Here we go with the mobile phone beat-down again: Cingular Wireless, in a move boiling over with distasteful corporate hubris, has had the unmitigated effrontery to announce that they are going to charge folks with "older phones" an additional five bucks a month (OK, $4.99, but who's splitting hairs here?) Now, it's not really the older phones they are targeting, but rather those based on the old, analog TDMA technology.

Their reasoning for this is that they want to phase out their older, analog network, which isn't a problem in and of itself, but why beat down the customer in the process? They have said the are willing to "risk an increase in customer cancellations" over this, but what they don't say is that they don't want you to apply any thought to this at all. Well, sorry Cingular, I did. According to their own numbers, this is going to affect about 4.7 million customers, which means they stand to earn up to $23,453,000 (that's right, over 23 million) each MONTH, for what? For nothing at all. No additional service, no additional features, but what amounts to a punishment for not paying $200 for one of those phones with everything but a mini turntable in it, and which of course will probably require you to add an additional 2 years to your already beat-down-enabled service plan. So what's the risk? The chance to rake up $23 million free dollars doesn't sound like much of a "risk" to me (if it is, maybe I should gamble more). I bet they have already calculated the likely number of cancellations and have come up with this number to mitigate the loss somewhat. Otherwise, why couldn't they just tell customers that they are turning of the TDMA network on such-and-such date, and just tell them that their TDMA phones will simply stop working after that date? That's exactly what's going to happen anyway, so why add to that by charging them too?

I guess this is the kind of thing you can shamelessly do if you're the biggest wireless carrier in the country. They claim they will create savings by converting to a single network, which I don't doubt, but in the mean time they are creating profit without providing a single minute of additional...anything.

I say that all Cingular customers should help them out...out of the market, by joining together and dropping them like hot lead at the earliest convenience! They dont' have the best plans, they don't really have the best network and you will do fine without them, I am sure. Any corporate rat that would do something like this to their customers deserves to do nothing more than drive business to their competitors. Unless there are about 4.7 million people out there who actually enjoy getting beat down, they should lose at least that many customers. I mean, what's going to happen if they change their logo? Are they going to force you to buy a phone with the new logo or have to pay an additional fee every month? What if they decide that orange is a punk color (which it is, by the way) and change it to, say, chartreuse? You're going to have to pay up, Jack, until you get with the new color. Silly you say? You're right, but so is this.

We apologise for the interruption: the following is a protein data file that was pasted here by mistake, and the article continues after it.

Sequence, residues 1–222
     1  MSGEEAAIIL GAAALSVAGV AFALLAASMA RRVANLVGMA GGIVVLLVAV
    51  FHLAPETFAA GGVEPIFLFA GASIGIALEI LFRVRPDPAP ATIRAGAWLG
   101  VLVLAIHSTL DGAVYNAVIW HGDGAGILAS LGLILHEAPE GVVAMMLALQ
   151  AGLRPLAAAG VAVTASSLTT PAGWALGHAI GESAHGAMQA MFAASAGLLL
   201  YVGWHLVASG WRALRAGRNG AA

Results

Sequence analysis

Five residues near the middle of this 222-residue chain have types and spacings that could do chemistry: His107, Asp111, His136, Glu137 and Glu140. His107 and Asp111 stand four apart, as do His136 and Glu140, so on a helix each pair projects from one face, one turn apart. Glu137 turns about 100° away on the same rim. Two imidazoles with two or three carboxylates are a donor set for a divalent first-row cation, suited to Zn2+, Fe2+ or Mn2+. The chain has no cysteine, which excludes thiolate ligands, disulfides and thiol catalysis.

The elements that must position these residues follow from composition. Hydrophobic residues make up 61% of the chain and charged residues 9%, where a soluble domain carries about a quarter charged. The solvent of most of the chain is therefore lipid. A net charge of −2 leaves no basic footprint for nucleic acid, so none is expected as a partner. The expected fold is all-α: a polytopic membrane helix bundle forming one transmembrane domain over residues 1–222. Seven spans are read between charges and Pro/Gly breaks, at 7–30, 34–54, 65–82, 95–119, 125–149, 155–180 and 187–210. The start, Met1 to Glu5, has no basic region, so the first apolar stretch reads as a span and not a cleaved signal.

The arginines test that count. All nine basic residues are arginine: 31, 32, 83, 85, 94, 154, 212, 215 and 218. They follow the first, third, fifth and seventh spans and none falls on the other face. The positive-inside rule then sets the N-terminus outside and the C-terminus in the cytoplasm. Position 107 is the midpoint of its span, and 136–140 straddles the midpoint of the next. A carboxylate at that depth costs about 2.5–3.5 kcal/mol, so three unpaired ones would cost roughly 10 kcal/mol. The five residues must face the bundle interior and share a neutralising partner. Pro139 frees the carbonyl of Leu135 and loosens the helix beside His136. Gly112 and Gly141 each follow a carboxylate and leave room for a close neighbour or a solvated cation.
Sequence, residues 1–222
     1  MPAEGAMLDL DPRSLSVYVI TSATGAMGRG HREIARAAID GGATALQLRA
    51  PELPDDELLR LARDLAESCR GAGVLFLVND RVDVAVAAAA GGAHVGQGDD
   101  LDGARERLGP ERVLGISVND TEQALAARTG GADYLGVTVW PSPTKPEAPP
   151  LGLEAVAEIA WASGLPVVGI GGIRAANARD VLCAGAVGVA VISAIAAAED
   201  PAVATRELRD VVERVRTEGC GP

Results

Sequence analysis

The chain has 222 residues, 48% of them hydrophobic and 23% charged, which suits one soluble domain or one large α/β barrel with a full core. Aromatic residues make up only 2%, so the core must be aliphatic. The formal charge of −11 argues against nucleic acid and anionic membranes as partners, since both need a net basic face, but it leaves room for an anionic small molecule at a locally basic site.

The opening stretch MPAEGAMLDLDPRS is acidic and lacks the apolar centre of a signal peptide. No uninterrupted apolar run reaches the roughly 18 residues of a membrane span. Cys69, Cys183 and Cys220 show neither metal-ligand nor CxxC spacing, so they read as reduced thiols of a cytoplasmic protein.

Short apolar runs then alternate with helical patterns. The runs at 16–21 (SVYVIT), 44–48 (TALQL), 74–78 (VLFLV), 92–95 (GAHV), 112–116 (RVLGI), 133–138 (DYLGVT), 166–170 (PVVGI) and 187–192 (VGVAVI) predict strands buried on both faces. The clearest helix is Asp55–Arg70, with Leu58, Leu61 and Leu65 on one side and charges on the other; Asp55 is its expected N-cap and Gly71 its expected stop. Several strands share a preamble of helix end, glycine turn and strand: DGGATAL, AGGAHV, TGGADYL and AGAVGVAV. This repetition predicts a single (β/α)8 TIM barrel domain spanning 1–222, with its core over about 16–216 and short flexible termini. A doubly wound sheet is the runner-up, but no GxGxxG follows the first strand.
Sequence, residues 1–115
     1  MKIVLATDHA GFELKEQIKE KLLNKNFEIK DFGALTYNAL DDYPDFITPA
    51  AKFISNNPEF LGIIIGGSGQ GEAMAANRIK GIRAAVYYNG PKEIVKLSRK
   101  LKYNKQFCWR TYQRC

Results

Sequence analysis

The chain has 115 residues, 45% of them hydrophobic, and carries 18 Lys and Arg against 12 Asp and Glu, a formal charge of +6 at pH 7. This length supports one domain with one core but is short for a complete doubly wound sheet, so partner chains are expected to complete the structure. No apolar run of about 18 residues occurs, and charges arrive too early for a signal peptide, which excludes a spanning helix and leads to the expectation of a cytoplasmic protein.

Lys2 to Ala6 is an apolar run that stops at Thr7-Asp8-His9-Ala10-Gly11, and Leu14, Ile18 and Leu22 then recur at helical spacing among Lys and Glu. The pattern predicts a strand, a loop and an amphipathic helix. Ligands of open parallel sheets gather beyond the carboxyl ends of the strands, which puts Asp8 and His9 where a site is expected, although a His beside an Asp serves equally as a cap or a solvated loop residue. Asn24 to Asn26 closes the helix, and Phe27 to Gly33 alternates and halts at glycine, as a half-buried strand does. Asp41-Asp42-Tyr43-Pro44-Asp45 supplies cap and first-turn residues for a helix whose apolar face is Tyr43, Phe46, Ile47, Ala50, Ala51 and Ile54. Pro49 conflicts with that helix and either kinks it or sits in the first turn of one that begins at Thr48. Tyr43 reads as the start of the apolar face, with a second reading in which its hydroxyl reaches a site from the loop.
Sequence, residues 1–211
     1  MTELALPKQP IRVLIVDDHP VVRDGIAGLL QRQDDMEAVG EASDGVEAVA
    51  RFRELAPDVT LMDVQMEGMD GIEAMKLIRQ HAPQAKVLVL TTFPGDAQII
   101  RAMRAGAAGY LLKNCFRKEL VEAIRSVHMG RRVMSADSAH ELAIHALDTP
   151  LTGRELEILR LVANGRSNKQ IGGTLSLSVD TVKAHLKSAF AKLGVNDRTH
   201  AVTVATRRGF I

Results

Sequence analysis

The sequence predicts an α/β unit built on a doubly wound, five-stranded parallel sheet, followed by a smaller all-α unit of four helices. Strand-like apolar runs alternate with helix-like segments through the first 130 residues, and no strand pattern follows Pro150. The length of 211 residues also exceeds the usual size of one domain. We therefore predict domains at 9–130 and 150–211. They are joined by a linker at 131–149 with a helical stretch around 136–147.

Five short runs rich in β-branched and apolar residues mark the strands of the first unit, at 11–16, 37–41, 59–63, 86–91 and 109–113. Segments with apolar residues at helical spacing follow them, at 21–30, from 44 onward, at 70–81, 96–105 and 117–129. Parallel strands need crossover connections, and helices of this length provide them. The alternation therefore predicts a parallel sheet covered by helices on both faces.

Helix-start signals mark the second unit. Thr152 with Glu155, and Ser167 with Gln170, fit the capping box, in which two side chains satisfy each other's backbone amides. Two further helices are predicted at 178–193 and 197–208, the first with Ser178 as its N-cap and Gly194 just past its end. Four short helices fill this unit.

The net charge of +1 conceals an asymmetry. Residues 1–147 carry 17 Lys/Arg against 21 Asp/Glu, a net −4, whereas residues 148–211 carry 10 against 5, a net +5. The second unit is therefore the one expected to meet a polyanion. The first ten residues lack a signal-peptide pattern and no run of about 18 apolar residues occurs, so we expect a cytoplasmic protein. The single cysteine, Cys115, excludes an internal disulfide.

I gotta tell you Mr. Customer, if you will stand by and take this, you'll take anything. This, in my opinion, is little more than a strongarm robbery. The next, and last, thing you should do with your mobile phone if it's on a Cingular plan, is place a call to T-Mobile, or Nextel or some other provider. Hang up on Cingular forever! The only thing they have going for them now is a slick-sounding name. Pshhhhhhhh...

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My sister works for nextel, and gets us free cellphones. If they weren't digital I would definately move over to a diff company.

They give people a choice, either change to a GSM subscription or pay for the privilege.

That's more than the networks here did when they stopped their oldfashioned (even then) analog networks in 1999 or so.
Subscribers were told to either change over to GSM or no longer have a mobile phone at all.
Of course the analog network had always been several times more expensive than GSM here anyway so there weren't that many left (mainly old carphones).

I wonder how many of those 4.7 million customers were given free phones to initiate thier subscription? Maybe this falls under "bait and switch" legislation. Hmmmmm....

I am sure many of them got free phones, sure. What they should do is inform those 4.7 million that as of a certain date, if they are using a non-GSM phone, it will no longer work. It's not as if they are saying, "we'll keep TDMA if you want it and are willing to pay for it". They are going to shut down the TDMA network anyway, period. But in the mean time, they are going to charge more for those who are using it? It's not a whole lot different from any merchant that decides for whatever reason, it's not going to sell a particular product or service any longer. It's just not right to charge extra between now and the time they shut down the other network.
It's probably not illegal, but it sure isn't right.

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